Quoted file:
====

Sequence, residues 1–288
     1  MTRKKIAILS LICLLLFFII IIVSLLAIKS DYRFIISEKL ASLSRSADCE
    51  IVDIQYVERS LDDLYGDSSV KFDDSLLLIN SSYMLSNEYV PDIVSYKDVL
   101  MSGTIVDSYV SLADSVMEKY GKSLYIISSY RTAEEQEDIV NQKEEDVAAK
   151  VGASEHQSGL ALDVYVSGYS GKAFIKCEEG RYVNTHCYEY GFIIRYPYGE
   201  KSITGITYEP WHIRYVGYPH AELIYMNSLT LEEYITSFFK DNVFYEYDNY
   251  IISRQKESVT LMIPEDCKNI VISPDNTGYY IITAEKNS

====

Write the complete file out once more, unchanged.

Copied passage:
Sequence, residues 1–288
     1  MTRKKIAILS LICLLLFFII IIVSLLAIKS DYRFIISEKL ASLSRSADCE
    51  IVDIQYVERS LDDLYGDSSV KFDDSLLLIN SSYMLSNEYV PDIVSYKDVL
   101  MSGTIVDSYV SLADSVMEKY GKSLYIISSY RTAEEQEDIV NQKEEDVAAK
   151  VGASEHQSGL ALDVYVSGYS GKAFIKCEEG RYVNTHCYEY GFIIRYPYGE
   201  KSITGITYEP WHIRYVGYPH AELIYMNSLT LEEYITSFFK DNVFYEYDNY
   251  IISRQKESVT LMIPEDCKNI VISPDNTGYY IITAEKNS